The woke war on Brazil’s Carnival

Is there nothing middle-class puritans won't try to suck the joy out of?

Raphael Tsavkko Garcia

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Carnival, which takes place in February, is one of the most important festivals in the Brazilian calendar. It is a huge event that takes place across Brazil, filling its streets with samba-school floats, blocos (street bands), and millions of people dressed up as anything they want, from sexy nurses to celebrities and politicians. Costume-wise, what matters is creativity.

But ahead of this year’s Carnival, identitarian activists tried to stymy this creativity. They argued that certain costume choices were either a form of ‘cultural appropriation’ or simply offensive. To make things worse, Ceará state’s Public Defender’s Office issued a list of costumes it deemed offensive, including those that evoked religious figures and ethnicities. It also urged male partygoers against dressing as a woman, which is a longstanding Carnival tradition.

This politically correct attack on a country-wide party that historically involves the breaking of social rules and the profaning of the sacred is not new. In recent years, traditional songs (called marchinhas), which have been sung for decades, have been censored for being considered offensive to minorities. Songs with lyrics like ‘Maria Sapatão, sapatão, sapatão, de dia é Maria, de noite é João’ (‘Maria big dyke, big dyke, big dyke, by day is Maria, by night is John’) are hardly heard today. Having censored the songs, it seems the identitarians are now going after the costumes.

This year, actress Alessandra Negrini dressed up as an indigenous woman during pre-Carnival celebrations and was soon facing calls to be cancelled. What made this absurd is that Negrini was wearing the costume in order to draw attention to the persecution and violence suffered by several indigenous tribes. She even had Sonia Guajajara, an indigenous Congresswoman, at her side, and the support of campaign group Brazil’s Indigenous People Articulation (APIB). APIB issued a statement saying, ‘Alessandra Negrini put her body and voice at the service of one of the most urgent causes’.

Not that APIB’s intervention will make much difference. Attacks on the Carnival for promoting ‘cultural appropriation’ have become commonplace in recent years. The most notable focused on the bloco Cacique de Ramos, which is a street band representing a neighborhood in Rio de Janeiro. Identitarian activists attacked it for wearing ‘Indian’ costumes, and even its name, which refers to the indigenous indian, ‘Chief Ramos’.

The historical ignorance of those calling for the Cacique to be cancelled is startling. The neighbourhood has a close connection with Candomblé – an Afro-Brazilian religion – and is part of the heritage of Rio de Janeiro. Carnival expert Luiz Antônio Simas tweeted that the Cacique has performed ‘since 1960 and has […] authorisation from indigenous entities to parade’.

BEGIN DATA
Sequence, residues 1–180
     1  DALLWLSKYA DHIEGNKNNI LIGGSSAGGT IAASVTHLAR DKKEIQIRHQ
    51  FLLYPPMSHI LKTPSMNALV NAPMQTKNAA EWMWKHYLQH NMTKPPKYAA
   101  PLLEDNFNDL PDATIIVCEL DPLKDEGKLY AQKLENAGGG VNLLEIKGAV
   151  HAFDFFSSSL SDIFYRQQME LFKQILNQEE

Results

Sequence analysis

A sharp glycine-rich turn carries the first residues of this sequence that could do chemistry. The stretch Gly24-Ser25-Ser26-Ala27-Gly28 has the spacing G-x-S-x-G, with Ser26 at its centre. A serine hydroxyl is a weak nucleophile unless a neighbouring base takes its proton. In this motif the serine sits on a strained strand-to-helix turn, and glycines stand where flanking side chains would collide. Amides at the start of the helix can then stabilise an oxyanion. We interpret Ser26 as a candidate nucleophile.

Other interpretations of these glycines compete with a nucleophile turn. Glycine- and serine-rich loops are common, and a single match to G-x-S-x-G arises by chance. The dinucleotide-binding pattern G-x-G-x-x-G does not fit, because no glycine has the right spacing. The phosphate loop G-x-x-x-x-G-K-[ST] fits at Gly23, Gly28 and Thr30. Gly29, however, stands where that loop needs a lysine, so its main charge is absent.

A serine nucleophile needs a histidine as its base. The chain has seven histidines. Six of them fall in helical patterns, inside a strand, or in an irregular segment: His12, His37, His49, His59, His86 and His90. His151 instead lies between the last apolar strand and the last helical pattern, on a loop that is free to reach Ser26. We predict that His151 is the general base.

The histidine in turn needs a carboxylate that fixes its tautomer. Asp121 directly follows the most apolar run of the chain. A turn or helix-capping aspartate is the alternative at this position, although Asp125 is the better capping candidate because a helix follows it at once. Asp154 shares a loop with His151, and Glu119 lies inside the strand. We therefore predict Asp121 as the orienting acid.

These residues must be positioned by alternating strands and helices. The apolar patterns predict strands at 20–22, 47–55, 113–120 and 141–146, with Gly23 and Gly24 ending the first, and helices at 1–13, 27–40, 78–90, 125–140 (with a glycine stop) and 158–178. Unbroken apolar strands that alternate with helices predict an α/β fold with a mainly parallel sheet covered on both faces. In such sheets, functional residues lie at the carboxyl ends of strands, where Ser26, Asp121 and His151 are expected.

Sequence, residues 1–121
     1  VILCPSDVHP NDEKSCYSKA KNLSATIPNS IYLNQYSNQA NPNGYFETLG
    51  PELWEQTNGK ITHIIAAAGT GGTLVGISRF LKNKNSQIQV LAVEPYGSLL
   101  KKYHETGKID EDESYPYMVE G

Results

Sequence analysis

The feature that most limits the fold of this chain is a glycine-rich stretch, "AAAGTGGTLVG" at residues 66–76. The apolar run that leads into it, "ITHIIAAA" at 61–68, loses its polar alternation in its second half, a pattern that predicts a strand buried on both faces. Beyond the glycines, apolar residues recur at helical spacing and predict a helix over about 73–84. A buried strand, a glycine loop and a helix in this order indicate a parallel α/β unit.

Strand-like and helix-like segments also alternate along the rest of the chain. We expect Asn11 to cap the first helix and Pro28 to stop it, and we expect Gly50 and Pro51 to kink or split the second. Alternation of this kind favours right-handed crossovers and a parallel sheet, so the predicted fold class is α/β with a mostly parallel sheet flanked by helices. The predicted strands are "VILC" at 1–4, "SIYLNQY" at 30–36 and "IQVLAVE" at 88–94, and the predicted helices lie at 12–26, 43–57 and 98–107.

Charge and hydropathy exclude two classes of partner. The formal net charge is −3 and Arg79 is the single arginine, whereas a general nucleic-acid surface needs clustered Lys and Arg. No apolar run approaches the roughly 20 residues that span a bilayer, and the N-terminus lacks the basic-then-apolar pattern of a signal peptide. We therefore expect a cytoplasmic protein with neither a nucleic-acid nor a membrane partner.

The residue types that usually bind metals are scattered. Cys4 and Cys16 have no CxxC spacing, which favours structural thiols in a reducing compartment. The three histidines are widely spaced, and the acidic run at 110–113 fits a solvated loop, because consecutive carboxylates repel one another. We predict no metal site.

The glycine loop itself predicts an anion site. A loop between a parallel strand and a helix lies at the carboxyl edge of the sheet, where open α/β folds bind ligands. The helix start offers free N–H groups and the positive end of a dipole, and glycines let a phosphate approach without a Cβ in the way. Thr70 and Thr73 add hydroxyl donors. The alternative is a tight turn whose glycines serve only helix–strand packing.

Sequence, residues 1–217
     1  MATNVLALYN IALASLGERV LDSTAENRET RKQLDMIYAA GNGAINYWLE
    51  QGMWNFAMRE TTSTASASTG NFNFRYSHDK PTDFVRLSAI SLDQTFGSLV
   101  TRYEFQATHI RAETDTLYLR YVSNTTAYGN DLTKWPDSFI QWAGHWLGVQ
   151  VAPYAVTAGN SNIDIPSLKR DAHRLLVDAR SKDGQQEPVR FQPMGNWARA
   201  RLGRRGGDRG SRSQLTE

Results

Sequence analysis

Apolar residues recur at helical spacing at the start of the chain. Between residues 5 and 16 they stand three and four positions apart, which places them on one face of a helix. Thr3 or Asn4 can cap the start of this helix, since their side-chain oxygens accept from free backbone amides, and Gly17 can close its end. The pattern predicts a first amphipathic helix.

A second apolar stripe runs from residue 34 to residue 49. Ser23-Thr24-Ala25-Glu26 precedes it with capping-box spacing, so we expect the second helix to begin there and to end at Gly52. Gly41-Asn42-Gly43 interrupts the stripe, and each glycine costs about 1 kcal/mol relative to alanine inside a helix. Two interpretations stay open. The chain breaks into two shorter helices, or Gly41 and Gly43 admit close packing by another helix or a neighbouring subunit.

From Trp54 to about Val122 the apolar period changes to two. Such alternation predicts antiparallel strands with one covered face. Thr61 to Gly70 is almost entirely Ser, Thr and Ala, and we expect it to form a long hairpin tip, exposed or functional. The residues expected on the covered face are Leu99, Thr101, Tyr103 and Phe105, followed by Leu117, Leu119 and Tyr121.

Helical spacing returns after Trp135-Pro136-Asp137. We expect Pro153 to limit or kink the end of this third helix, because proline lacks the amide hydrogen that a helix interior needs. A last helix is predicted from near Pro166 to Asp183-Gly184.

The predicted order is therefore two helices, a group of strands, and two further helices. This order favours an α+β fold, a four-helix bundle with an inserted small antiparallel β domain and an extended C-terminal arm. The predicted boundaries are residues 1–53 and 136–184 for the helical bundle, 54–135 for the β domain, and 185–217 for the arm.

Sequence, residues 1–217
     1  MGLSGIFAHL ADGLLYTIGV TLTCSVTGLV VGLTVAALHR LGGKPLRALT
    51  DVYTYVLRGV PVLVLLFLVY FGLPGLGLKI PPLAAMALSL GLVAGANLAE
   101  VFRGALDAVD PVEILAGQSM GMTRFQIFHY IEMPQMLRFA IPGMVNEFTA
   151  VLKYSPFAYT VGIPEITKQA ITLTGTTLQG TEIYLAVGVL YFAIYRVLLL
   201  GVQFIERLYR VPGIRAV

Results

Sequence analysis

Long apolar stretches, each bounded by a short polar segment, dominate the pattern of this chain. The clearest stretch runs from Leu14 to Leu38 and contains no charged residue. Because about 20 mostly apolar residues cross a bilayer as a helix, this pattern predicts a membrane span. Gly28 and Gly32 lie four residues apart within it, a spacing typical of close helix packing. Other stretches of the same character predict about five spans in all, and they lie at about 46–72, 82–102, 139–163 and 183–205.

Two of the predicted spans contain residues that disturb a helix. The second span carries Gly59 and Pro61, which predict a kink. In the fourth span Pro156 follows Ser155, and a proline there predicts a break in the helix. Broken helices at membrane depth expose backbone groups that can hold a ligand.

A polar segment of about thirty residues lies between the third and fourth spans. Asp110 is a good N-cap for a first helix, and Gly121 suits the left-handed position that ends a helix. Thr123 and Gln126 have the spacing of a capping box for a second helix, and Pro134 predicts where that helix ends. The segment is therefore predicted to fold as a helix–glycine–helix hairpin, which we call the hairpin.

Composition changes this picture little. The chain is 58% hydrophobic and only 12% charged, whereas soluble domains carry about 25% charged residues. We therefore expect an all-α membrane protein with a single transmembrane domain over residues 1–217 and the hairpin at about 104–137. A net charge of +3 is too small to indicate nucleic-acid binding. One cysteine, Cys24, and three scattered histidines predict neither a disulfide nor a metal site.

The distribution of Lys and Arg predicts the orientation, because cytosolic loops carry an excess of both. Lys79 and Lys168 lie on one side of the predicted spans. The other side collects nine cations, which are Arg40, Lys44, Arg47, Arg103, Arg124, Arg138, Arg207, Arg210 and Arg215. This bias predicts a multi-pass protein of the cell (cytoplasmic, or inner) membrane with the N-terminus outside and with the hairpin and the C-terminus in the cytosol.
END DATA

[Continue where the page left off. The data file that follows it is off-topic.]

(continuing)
In a long Twitter thread, anthropologist Orlando Calheiros explains that the Cacique, founded on Saint Sebastian’s Day (20 January) 1961, has always drawn on religious symbolism, rooted as it is in Candomblé. The bloco is not trying to represent contemporary indigenous people, let alone mock them. It is referencing ‘the phalanx known as Caboclos’ – people of mixed Indigenous Brazilian and European ancestry – and its association with religions of African origin. ‘Moreover’, Calheiros adds, ‘the Cacique is one of the greatest symbols of peripheral resistance, of community reconfiguration through samba. It was even monitored by the military dictatorship because of this.’

What makes the identitarian attack on the Cacique stranger still is that the costumes its members wear are not even indigneous costumes. They’re based on costumes worn by Apache Indians in old American Westerns!

The bloco itself is made up of mostly black people from what is a poor neighbourhood. It is not surprising that the leader and founder of the Cacique, Bira Presidente, declared that the ‘Carnival is joy – nobody is worried about [identity politics] in the suburbs’.

That is one of the most striking characteristics of this identitarian militancy in Brazil. It is a distinctly elite phenomenon, rooted in Brazil’s middle-class student population. Its style and language, taken from American campus culture, is alien to many in Brazil. Just as Brazil’s own reality and history seem to be increasingly alien to these affluent activists.

It seems these politically correct millennials just don’t get it. Carnival is transgression. It is a party that joins the sacred and the profane. And for the millions that throng the streets during the party, it is a source, above all, of joy.

Raphael Tsavkko Garcia is a freelance journalist. He has a PhD in Human Rights (University of Deusto) covering Brazil, Spain, international politics, conflicts and human rights. His work has appeared in World Politics Review, Al Jazeera, Foreign Policy, PRI, the Intercept, and the Brazilian Report. You can find him on Twitter: @Tsavkko_intl

Picture by: Getty Images.

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